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  Discussion Top


Mobile telephones have been available since 1983; the widespread use of mobile phones has been going sky-high over the past decade and now its use is an essential part of business, commerce, and society. This has given rise to the concern about potential influences of EMF emitted by mobile phones on health.

There are two types of electromagnetic (EM) radiations: ionizing radiation and nonionizing radiation. The ionizing radiation is composed of energy levels high enough to strip electrons from atoms and molecules. Hence, exposure to ionizing radiation can cause serious biological damage. Nonionizing radiation is the radiation that is insufficient to cause ionization. Radiofrequency radiation includes bands used in radio and television, mobile phones, and microwave are in the nonionizing EM radiation.

The exposure to mobile phones can be calculated and quantified by means of amount of radio frequency energy absorbed by a unit mass of object, which is expressed as the specific absorption rate (SAR) with units of W/kg.[2]

Mobile phones are usually held close to the outer ear, approximate distance of 3 cm to the inner ear, which provides a natural low attenuation route through the external auditory canal and middle ear for EM radiation to reach the inner ear leading to relatively high SAR deposition, and potentially damage the peripheral auditory structures as compared to the rest of the body. The SAR depends not only by the types of the mobile phones but also from the manufacturer, model of the phone, the distance between a mobile phone and its tower.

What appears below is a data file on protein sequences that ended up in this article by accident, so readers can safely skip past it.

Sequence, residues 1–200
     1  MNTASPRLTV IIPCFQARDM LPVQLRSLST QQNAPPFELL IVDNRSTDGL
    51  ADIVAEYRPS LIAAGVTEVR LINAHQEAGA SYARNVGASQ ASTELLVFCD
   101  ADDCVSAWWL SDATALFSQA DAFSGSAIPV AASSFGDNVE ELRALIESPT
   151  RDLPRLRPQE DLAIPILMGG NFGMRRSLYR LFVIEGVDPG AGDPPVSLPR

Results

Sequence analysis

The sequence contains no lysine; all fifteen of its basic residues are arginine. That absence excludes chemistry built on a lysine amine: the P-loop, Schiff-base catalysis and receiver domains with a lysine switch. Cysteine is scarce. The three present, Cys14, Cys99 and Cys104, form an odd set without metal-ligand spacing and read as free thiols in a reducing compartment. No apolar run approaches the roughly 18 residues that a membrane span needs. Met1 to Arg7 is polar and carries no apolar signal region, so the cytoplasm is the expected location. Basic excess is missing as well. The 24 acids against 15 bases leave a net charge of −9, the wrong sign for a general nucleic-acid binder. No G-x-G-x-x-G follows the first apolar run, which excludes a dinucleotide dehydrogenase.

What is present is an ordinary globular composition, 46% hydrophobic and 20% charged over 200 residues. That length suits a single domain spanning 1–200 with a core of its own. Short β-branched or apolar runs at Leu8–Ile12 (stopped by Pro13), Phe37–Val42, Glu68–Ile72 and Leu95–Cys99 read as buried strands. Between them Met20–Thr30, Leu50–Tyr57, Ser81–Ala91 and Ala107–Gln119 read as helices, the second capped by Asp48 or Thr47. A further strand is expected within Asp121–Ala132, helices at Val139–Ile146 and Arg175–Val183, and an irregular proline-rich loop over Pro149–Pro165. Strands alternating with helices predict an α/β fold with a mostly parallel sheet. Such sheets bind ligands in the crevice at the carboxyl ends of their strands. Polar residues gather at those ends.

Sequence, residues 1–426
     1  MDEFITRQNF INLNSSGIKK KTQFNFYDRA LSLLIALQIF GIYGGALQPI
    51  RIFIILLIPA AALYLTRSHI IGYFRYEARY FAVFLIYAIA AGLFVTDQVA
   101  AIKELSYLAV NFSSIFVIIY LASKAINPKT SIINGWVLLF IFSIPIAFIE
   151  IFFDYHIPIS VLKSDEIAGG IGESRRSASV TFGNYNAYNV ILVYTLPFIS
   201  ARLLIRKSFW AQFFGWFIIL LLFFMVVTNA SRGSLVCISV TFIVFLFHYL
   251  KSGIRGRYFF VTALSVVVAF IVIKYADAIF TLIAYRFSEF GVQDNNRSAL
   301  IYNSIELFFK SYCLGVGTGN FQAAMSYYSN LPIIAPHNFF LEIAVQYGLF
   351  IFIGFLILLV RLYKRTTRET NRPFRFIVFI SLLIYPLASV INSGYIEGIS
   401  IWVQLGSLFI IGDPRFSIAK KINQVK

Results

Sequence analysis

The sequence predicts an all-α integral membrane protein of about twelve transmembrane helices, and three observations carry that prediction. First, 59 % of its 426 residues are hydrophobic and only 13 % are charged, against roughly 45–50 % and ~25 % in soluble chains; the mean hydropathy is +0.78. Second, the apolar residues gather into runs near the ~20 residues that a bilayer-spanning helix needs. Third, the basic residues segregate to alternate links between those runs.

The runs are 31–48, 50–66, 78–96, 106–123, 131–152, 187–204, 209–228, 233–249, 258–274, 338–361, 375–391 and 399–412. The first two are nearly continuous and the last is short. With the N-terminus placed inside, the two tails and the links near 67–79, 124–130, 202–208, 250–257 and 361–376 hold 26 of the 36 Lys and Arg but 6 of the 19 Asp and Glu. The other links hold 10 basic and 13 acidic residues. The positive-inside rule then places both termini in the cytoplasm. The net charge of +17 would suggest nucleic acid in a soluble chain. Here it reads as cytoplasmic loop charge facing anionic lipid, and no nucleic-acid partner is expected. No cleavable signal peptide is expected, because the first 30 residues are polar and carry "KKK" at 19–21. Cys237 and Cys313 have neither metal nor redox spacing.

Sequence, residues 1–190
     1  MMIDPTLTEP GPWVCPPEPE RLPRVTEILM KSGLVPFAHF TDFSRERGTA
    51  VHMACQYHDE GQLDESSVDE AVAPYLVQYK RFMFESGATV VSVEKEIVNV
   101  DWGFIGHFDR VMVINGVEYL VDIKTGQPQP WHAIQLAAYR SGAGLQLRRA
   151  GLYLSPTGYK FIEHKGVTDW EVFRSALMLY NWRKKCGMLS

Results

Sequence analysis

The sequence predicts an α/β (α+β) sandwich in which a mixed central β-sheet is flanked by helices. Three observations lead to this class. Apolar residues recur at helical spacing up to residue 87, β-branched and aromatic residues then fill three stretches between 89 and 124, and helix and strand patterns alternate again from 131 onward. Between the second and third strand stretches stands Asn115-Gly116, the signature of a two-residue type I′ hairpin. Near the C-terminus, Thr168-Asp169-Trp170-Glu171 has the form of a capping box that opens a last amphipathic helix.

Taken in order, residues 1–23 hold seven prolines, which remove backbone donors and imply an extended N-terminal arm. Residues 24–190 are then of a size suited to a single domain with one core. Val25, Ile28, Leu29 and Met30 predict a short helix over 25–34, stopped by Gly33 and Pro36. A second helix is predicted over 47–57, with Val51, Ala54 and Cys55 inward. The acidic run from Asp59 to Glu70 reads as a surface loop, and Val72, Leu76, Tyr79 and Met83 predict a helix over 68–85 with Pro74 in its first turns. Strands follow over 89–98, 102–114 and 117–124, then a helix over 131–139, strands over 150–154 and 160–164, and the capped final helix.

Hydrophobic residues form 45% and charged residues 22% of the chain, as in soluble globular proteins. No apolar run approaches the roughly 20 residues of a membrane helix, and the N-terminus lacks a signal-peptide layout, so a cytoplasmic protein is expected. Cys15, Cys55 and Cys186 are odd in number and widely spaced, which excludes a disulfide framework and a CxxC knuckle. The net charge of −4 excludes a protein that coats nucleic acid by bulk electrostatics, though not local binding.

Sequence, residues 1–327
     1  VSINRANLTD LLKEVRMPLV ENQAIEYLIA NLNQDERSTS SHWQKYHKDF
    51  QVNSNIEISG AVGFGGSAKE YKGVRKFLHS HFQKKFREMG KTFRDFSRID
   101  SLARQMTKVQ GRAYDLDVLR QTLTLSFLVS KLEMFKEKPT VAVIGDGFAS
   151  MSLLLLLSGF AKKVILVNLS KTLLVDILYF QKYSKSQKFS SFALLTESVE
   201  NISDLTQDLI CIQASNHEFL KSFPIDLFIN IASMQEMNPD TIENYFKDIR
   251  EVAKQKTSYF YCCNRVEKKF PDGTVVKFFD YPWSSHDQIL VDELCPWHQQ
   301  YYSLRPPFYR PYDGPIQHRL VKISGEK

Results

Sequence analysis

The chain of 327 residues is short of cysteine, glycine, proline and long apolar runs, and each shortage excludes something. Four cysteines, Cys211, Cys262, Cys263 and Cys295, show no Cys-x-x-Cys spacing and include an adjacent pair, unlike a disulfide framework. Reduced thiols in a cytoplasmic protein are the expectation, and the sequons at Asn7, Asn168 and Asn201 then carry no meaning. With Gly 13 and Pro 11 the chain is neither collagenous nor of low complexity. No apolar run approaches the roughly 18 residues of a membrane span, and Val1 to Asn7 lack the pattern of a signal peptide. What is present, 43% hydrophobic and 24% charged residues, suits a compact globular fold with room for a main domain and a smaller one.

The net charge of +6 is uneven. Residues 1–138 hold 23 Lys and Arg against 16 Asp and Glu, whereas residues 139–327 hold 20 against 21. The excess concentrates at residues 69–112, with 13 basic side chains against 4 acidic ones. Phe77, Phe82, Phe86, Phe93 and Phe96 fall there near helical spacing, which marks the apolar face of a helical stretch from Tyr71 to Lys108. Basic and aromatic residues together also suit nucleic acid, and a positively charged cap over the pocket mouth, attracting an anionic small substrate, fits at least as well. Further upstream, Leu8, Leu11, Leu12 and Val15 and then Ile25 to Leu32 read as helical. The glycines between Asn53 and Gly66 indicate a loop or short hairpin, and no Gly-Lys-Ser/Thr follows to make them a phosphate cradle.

Digital handsets (time division multiple access, code division multiple access, and global system for mobile communications) expose the user's ear to an SAR almost always below 2 W/kg.

International Commission on Nonionizing Radiation Protection (ICNIRP) is a body of independent scientific experts established with an aim to provide information and insight into the potential health hazards of exposure to nonionizing radiation. According to the ICNIRP guidelines for limiting exposure to time-varying electric, magnetic, and EMFs, the maximum SAR value has been set at 2 W/kg for mobile phones. It means in countries such as India where these guidelines are adopted, the SAR of every mobile phone sold in the country should be <2 W/kg.[3]

Keeping in view the adverse effects of mobile phones, the present study was designed to investigate the effects of mobile phone usage on hearing.

In Group A, we had more number of youngsters who are exposed to mobile phones for more than 1 h/day with a mean age of 26 years; in Group B, all participants are intermediate users with a mean age of 31 years; and in Group C, most of them are older participants compared to other groups with a mean age of 37 years.

In our study, we have found that mobile phone ownership and usage are more common among college students and text messaging was reported to be more popular than talking.

Hearing loss was present in both males and females in this study; no significant relationship was found between hearing loss and each gender.

In our study, blocked sensation (13.3%), followed by burning sensation (9.3%), tinnitus (8.0%), and hearing loss (6.6%) are the main symptoms in the study group at the time of presentation. Only one participant had a complaint of blocked sensation in the control group.